It has been my experience that retiring after years of hard work, as well as raising a family and running a home, requires a huge change of mindset. Too often new retirees, especially those who retire overseas, find themselves at loose ends. I cannot stress enough—tie up those loose ends.
After exploring your new country, getting settled in your new home, and beginning to find time weighing a bit heavy on your hands, it’s time for an attitude adjustment. After all, you moved to a new country for adventure and fun, right? Or to pursue activities you did not have time for during your working years. So do not allow apathy to hold you back.
Join an expat group in your area. Explore new recreational activities, whether physical or intellectual. Learn the language of your adopted home, if applicable. Join a group that pertains to your special interests, whether it be bird watching or knitting, painting or playing bridge.
It is important to keep physically active as well. Take a yoga or aerobics class, participate in local hiking groups, or simply explore your neighborhood. These types of activities not only provide healthy exercise, but also interaction with like-minded people.
Do volunteer work. No matter where you live, volunteers are unfailingly needed and appreciated. Whether it be helping out at the local animal shelter, working with the disabled, or delivering meals to the housebound, you will invariably find your niche.
Above all, take an active interest in your new home and surroundings.
After living in Chiriquí, Panama for nine years I know of what I preach. Very often expats get settled in and then become sedentary.
Some days my husband and I love nothing better than to relax on our terrace and watch the birds, squirrels, and iguanas frolicking in our yard. Often that includes a glass of wine for me and an icy cold beer for him. However, we make sure to never let it become a constant (either the sitting or the sipping).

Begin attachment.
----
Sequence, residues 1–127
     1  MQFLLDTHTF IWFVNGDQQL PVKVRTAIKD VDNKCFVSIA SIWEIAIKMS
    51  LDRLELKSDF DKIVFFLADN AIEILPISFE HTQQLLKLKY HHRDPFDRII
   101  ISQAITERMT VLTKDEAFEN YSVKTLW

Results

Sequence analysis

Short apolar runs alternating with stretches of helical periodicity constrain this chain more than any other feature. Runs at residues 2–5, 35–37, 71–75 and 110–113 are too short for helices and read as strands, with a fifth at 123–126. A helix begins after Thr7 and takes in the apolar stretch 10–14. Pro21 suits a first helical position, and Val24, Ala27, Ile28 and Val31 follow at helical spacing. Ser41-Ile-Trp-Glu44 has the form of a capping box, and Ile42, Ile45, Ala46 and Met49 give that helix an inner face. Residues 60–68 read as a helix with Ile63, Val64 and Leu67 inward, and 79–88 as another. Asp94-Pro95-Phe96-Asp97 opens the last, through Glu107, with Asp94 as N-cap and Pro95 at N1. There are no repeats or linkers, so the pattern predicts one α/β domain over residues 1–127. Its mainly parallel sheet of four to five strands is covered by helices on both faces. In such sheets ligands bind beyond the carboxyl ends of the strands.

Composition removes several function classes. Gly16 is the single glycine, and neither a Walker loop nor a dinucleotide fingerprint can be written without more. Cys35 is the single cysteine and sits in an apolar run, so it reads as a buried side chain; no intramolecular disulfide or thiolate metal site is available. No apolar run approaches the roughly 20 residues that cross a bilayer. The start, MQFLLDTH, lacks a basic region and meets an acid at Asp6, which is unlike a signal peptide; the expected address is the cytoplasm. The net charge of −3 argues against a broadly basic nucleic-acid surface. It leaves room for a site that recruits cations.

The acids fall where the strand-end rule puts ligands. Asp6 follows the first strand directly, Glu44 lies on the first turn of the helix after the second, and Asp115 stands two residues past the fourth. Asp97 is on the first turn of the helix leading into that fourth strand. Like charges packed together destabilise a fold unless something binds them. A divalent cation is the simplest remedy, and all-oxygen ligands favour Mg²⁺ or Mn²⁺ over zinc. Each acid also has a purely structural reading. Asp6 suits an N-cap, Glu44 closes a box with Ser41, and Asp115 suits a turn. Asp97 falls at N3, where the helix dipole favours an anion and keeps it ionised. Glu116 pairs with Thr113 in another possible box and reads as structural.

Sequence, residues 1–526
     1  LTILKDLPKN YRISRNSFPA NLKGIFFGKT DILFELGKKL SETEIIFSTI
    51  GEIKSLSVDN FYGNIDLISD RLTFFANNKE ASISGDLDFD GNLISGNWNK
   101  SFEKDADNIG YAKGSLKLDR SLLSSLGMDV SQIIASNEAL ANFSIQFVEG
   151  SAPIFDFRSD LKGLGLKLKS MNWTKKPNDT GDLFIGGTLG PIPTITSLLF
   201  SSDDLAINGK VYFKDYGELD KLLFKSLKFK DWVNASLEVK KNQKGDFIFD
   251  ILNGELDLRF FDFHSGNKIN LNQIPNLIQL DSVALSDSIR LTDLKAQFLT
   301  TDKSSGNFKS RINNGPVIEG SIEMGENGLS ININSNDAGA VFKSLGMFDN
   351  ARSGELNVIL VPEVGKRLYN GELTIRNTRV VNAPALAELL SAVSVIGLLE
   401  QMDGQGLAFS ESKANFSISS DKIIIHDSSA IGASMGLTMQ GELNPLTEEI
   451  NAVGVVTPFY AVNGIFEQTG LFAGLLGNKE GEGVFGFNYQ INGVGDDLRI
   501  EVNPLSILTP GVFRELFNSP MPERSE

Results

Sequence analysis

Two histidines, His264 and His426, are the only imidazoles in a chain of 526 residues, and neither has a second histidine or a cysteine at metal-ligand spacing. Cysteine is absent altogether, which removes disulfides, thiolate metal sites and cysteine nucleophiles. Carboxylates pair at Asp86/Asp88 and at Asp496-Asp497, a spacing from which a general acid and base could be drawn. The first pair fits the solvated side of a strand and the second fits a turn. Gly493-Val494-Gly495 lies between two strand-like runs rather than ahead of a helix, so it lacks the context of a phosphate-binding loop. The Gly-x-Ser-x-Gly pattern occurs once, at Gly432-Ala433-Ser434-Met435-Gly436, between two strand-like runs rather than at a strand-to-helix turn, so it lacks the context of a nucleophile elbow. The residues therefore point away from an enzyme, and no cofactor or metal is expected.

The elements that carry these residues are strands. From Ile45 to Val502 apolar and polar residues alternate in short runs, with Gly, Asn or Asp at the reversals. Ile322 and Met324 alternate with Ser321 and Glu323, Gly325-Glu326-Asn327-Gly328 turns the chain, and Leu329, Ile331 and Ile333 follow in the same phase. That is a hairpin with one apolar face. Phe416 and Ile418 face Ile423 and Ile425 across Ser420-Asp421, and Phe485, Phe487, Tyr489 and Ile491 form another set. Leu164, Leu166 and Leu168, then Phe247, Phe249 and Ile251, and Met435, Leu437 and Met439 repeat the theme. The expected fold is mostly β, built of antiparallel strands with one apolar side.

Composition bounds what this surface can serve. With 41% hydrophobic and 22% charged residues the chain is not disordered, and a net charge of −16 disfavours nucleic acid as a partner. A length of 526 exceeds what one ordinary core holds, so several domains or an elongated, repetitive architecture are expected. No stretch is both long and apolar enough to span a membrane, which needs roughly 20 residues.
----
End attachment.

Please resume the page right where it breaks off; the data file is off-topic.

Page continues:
If we do not feel like venturing out anywhere new, or have no commitments, we will play a couple of games of darts on our outdoor dart board, go for a walk around the neighborhood, or read a good book. Next day, it’s back to activities to challenge our brains or our fitness level, or to volunteer at something which benefits the less fortunate as well as improving our own well-being.
Our province has countless opportunities to participate in all of the above. An amateur theater group, bridge clubs, bird watching groups, painting, photography, cement art classes, and garden clubs are available in Boquete and David. My husband took the cement art course and, even though never very “arts and crafty” came home with a lovely cement birdbath. A fellow Canadian couple we know joined the garden club in Boquete and besides learning about the flora of the area, also made many new friends.
In addition, there are coffee tours, a tour of the orchid farm, visiting such fascinating places as the animal rescue center in Volcán where you can cuddle the baby sloths, and, also in Volcán, a spectacular pre-Columbian archeological site. Both of these activities are terrific and we enjoyed them immensely. Besides the loving sloths there are coatimundis, kinkajous, monkeys, and more at the rescue center. All animals that you just don’t get to see in Canada.
Larke and one of the cuddly sloths at the rescue center.
For exercise, there are yoga, Pilates, and hiking groups. Swimming in the local rivers or in the ocean at nearby resorts is also an option. One great place to go for the day, or even overnight, is Rio Encantado, between Boquete and David. There is a beautiful swimming pool, two swimming areas in the lovely Caldera River right on site, and even a “seniors’ zip line” where people like us can swing out into the center and drop into the river. Now that is refreshing! As if that is not quite enough, there are hot springs nearby. Beautiful scenery, great exercise, and relaxation, all within a few miles of our home.
More active, physically fit folks can enjoy river rafting, zip lining, climbing to the top of our highest mountain Volcán Barú, golfing, or horseback riding. I can say from experience that the view from the top of the mountain is breathtaking.
In short, when you live somewhere as beautiful as we do there is absolutely no excuse for not living an active, healthy lifestyle during your retirement years. After all, these are the best years of your life. Enjoy them—you have earned them.
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